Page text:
A Fancy Goldfinch

Yesterday afternoon I went for a walk and ran into a mixed feeding flock of chickadees, goldfinches, siskins, and redpolls working their way through a stand of hemlock trees. It was the first time I’d seen redpolls out in the woods rather than at a feeder, so I stopped to watch them for a bit. Eventually, though, it was one of the goldfinches that really caught my eye.

American Goldfinches (Spinus tristis) are sexually dimorphic in the summer, meaning the males and females look different – in this case, the males are bright yellow with a black cap while the females are drab olive. For winter, however, the males molt into olive-drab plumage of their own and are usually almost indistinguishable from their ladies. What I spotted yesterday was a goldfinch that seemed to defy this rule. Here we are in December and he (?) still had a bright yellow face.

This photo from Wikimedia Commons by Dick Daniels was taken in February and shows a male starting to transition back to his spring plumage. The one I saw had a brighter face than this – and in December.

I can tell you how and why the males change color – the lemon-yellow color in their feathers comes from pigments in their food called carotenoids. It helps the males attract females, who know that a brightly-colored male must be getting a high-quality diet and might have good genes to pass on to her offspring. In the winter, when they’re not breeding, males presumably switch to a less conspicuous color in order to avoid predators.

What I don’t know is why some males actually keep varying amounts of their yellow color through the winter (and some don’t). In fact, if you pay attention to the goldfinches coming and going from your feeder you can even pick out individuals based on how much yellow they retain and where it on their bodies it is. Does this have something to do with age? Diet? Hormones? Beats me, and I haven’t been able to find any answers online, either.

I’m not even 100% sure these birds are necessarily males. Weird things happen with bird plumage sometimes. In this case, I’m thinking of female Mallards, which can develop male-ish coloration as they get older and their hormones get out of whack.

Any theories?

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4 thoughts on “A Fancy Goldfinch”

  1. Hello Rebecca, I liked your post on the raccoon. We once owned some American finches in the Avery Out in our garden here in the UK, we also noticed the changes in colour between the male and female, we put it down to the diet but as you mentioned we also found the changes became more prominent the older they got, sorry I can’t be more exact about why the changes happen. But keep up the post on your blog and have a very Merry Christmas.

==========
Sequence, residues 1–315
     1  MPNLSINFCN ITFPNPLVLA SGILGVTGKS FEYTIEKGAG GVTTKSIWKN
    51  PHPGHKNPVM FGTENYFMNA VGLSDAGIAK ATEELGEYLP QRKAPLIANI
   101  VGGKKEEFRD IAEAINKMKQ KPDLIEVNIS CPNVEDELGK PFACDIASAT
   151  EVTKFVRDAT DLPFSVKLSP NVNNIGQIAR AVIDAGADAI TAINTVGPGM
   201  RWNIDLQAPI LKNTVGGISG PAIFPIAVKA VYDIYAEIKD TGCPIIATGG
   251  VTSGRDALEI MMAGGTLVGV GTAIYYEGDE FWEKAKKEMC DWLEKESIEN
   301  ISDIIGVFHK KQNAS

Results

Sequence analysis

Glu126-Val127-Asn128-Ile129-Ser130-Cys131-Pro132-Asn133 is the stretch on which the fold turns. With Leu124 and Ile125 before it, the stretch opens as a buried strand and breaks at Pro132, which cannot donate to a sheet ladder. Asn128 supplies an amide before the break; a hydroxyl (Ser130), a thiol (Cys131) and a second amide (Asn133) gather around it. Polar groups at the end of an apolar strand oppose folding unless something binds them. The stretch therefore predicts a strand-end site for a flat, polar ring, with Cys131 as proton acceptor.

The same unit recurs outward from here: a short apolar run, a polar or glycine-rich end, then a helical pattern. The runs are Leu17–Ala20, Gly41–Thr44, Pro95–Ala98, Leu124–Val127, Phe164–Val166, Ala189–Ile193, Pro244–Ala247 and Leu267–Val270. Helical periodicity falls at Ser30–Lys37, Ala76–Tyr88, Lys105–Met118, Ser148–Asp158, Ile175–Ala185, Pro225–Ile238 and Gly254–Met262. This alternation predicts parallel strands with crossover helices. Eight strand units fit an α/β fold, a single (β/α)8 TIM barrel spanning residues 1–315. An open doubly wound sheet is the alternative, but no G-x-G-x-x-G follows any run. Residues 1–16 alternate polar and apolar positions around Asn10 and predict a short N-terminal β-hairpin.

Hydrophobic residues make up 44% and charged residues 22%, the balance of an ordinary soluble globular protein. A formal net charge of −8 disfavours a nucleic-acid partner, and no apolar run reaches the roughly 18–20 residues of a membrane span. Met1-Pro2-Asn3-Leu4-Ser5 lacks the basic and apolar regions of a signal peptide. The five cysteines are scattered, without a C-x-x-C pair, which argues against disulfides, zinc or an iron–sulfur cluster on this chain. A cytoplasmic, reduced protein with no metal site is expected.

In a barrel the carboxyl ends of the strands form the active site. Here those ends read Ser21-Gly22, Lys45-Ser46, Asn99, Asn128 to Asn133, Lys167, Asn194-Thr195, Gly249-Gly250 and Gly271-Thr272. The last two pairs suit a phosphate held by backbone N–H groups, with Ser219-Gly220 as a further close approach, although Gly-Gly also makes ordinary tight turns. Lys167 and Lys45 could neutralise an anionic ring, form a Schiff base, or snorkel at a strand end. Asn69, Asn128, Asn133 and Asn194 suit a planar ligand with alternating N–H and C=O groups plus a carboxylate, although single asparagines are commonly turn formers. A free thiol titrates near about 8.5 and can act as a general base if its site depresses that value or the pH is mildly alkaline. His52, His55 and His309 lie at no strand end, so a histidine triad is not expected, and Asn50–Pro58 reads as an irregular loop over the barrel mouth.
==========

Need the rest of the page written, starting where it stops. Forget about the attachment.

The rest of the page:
2. Similar experience yesterday at feeders in Prospect Park, Brooklyn NY. This Goldfinch really stood out with its brightness, and the fact that it was alone among the House finches and Pine siskins. Usually always seem them in small flocks. No Redpolls in the park, but others keep seeing Crossbills.

  3. As to the exact scientific reason for the variation in color, I haven’t a clue. I see it as no different than why some humans are blondes, some brunettes, some fair skinned, some dark skinned, it is due to our genetics as the species evolved. As to why the males of many species are brighter than the females, I have a theory about that and it has little to do with attracting a mate. Males sing to attract possible mates, but in watching a flock of birds fly off with the males brighly colored and the females rather dull, your eyes have a tendency to lock onto the brightly colored males. I’m sure it is the same as far as the eyes of a predator. The males of most species of anything are rather useless for anything other than mating, once mating is over, the males of many species don’t even assist in raising the young. But, what if their bright color makes them more vulnerable to predation? Their bright colors may insure survival of the species by the males becomming sacrificial offerings to predators, leaving the females and young to survive, and therefore the species survives. Could it be that females do select the brightest males to mate with, “knowing” that the males brigher colors make it more likely that he will be seen and therefore eaten, and that because of that, she and her brood is more likely to survive?

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